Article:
Similarly, In Traditional Chinese Medicine the heart is often referred to as the seat for Shen, or consciousness. Often conditions like anxiety, mania, difficulty with arousal levels, and sometimes even psychosis are attributed to a disturbance in Shen. The wandering nerve influences Shen. Thus it seems fitting that a classic TCM formula, Xiao Yao Wan, consisting of herbs like White Peony, Bupleurum, Poria, deals with emotional problems and is translated as “Free and easy wanderer.”

The next time you have a gut feeling, be assured that your vagus nerve is telling your brain what your stomach is feeling. That is why gut health plays such an intimate role in emotions. If the enteric nervous system is happy, so is the central nervous system. The bacteria in our gut communicate with the brain through the vagus nerve. Some people theorize that all the dysbiosis and inflammation in the gut is passed on to the brain in this way. That is why some people feel that if you have a “leaky gut,” you are bound to have a “leaky brain.”

There has also been interest in how the vagus nerve can affect the immune system. You might have observed how after a period of stress, a lot of people have a tendency to fall sick. It is because stress can affect multiple areas of our body that have an end result of a weakened immune system. For example stress can cause prolonged high levels of cortisol, the stress hormone in our body. Stress can also decrease the activity of cell that guard our body from invaders like viruses. Similarly stress and inflammation can cause problems with mental health. The vagus nerve is directly involved in modulating the levels of cytokines, the chemicals released during inflammation. So does that mean that adequate breathing can affect immunity? No wonder Ibn-e-Sina, in the healing tradition of Tibb, listed quality of breathing and air as one of the factors involved in disease pathogenesis.

Since the vagus nerve does so many things, vagotomy has multi systemic affects which are fairly deleterious to health. Vagotomy here means that the vagus nerve does not function. We only have to see the rampant problems in our society to see what the effects of a vagotomy might be. We live in a fast paced world, where stress abounds and the fast heart rate struggles to keep us running from the monster outside and the monster inside. It is also no wonder that we are frozen in place with terror, unable to wander anymore, answerable to the production of our factories. Our vagus nerve swings on a pendulum as it tries to adjust to the back and forth of our unpredictable schedules. And we throw challenge after challenge to it, in our quest to seek novel ways of getting thrilled. Our immune systems are poor, we get sick more often. We treat ourselves with antibiotics and kill the bad bacteria while also killing the good bacteria in our guts And so we survive but as lesser people than before for having a killed a part of us to survive. Our vagus deserves better.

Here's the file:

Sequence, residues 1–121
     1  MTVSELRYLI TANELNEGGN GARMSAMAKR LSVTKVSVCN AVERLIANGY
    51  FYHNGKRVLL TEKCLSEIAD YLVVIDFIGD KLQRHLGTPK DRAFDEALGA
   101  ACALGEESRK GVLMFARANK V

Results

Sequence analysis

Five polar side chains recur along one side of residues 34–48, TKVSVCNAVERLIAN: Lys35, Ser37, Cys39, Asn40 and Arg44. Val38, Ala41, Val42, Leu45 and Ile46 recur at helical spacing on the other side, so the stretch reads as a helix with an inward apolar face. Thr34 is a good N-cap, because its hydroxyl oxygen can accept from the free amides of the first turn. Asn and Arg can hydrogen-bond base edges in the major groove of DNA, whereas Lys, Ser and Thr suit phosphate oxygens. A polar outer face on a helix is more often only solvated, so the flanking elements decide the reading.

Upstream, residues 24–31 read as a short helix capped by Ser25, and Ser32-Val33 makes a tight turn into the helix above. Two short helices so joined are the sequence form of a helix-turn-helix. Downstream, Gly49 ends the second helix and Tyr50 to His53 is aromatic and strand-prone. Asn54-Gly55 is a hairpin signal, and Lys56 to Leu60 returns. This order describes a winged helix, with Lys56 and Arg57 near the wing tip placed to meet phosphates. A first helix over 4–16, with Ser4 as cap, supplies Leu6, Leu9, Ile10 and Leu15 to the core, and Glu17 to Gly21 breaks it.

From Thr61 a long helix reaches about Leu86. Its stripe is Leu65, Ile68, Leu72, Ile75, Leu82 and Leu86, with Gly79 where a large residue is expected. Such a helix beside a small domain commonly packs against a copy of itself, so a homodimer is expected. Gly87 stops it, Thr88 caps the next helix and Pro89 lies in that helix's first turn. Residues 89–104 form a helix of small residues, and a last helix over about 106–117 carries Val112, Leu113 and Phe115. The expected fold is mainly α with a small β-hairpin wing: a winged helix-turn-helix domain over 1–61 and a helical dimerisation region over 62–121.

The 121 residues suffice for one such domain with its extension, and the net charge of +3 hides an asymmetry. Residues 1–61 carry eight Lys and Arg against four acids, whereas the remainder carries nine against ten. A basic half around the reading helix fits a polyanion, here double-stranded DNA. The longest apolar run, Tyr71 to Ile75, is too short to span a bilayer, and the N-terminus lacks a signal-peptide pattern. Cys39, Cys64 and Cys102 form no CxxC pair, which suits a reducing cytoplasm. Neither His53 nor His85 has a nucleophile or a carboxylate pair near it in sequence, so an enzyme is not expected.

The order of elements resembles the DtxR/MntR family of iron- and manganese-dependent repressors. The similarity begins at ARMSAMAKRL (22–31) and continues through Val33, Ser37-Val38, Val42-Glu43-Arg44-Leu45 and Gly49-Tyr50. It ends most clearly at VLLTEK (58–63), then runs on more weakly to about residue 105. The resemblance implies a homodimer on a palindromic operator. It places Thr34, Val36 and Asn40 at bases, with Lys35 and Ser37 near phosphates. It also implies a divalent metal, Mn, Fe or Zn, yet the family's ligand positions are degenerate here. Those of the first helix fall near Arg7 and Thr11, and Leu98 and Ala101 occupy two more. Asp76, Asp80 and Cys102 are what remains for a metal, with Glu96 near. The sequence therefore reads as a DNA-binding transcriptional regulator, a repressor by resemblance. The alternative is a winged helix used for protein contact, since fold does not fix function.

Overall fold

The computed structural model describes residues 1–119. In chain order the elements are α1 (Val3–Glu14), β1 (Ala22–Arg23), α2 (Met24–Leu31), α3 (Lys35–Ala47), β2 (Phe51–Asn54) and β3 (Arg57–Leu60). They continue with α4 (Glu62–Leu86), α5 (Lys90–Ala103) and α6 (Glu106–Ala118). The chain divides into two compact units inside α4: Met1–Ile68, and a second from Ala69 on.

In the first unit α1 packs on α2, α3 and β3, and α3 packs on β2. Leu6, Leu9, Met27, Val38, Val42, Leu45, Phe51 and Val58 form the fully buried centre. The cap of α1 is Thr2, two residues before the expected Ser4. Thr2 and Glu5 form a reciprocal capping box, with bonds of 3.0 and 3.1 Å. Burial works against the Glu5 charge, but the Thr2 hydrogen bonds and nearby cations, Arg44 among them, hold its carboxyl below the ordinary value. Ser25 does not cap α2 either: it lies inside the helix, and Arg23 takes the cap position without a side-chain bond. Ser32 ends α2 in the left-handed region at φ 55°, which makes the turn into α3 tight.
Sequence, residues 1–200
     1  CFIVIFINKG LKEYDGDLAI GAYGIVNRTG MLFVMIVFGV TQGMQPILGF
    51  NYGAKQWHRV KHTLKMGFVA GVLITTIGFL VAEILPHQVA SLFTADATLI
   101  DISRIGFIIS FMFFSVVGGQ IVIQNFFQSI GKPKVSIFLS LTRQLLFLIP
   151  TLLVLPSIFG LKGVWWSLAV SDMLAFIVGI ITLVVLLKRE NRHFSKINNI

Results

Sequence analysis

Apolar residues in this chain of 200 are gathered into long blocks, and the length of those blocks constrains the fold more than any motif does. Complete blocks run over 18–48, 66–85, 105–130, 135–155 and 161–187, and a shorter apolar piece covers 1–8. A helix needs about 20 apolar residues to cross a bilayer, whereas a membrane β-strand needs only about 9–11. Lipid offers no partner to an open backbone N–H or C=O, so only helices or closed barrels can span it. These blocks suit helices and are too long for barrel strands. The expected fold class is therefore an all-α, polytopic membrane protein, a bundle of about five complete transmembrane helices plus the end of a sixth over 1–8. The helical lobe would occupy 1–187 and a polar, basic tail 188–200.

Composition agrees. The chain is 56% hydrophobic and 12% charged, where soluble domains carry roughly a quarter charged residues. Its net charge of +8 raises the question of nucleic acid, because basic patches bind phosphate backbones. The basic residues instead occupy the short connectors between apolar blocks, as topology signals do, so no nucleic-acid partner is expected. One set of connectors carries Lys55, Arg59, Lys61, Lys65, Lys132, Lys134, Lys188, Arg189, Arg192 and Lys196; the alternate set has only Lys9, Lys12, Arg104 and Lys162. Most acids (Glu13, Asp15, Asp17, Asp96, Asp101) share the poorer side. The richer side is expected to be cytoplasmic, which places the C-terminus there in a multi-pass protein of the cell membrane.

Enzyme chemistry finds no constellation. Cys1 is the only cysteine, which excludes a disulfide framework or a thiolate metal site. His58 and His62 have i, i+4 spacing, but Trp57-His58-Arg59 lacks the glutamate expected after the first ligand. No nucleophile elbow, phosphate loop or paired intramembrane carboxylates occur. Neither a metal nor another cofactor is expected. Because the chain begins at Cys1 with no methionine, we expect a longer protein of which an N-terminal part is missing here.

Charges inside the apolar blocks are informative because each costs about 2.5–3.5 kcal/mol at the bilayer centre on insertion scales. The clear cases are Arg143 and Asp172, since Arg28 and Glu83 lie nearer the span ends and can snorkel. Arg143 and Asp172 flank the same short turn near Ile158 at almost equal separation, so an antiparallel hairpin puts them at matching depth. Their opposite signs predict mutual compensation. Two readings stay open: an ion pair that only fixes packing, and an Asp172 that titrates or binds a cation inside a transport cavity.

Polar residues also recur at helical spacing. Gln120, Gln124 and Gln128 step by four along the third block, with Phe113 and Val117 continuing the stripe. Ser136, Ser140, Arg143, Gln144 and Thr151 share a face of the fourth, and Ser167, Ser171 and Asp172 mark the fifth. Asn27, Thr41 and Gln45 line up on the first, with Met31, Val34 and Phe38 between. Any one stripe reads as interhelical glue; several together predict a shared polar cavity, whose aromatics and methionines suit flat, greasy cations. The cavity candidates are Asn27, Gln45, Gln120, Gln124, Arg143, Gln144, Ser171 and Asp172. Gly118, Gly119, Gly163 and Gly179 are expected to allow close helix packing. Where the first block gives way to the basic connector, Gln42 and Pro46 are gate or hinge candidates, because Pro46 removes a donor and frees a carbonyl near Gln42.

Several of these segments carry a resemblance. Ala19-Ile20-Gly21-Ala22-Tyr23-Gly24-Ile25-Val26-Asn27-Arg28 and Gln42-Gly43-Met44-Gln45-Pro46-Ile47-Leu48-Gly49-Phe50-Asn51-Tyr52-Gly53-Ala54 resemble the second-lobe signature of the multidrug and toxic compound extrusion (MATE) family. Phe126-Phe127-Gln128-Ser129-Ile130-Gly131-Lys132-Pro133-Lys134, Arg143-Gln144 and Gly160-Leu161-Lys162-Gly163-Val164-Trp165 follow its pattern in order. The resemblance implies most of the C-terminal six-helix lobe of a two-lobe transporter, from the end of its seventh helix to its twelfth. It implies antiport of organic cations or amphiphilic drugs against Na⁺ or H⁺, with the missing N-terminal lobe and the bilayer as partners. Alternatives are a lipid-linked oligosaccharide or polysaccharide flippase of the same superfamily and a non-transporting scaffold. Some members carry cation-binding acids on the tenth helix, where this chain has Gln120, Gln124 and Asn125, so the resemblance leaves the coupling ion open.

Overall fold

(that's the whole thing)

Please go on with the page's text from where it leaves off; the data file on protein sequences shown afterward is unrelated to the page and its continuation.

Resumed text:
However, things are not so doom and gloom. Whereas our current society has many deleterious effects, it also has given us scientific knowledge. Scientific knowledge, however, is a young child. Like the vagus nerve stimulator, the jury is still out whether it does more harm or more good. But we can take the good from it and combine it with the age-old wisdom that is our heritage. We can try to heal ourselves by integrating ourselves with our forefathers. Simple things help exercise our vagus, such as meditation, exercise, breathing more fully, laughing more fully, and having heart-based connections with living beings around us, whether they are people, animals, trees, or mountains. It is beneficial to wander our world as a guest, rather than as a master. The wanderer inside us is the peaceful, receptive, yin side of creation. So the next time you are stressed, think about how you can be more accepting of the circumstances. Use breath, gratitude, and mindfulness and you shall make your vagus and yourself happy.  

By | 2018-09-29T21:43:46+00:00 September 29th, 2018|Holistic Medicine|0 Comments

About the Author:

Dr. Qazi Javed is a double board certified physician practicing Adult, Child and Adolescent Psychiatry. His Austin, Texas practice is focused on a holistic and integrative model of care.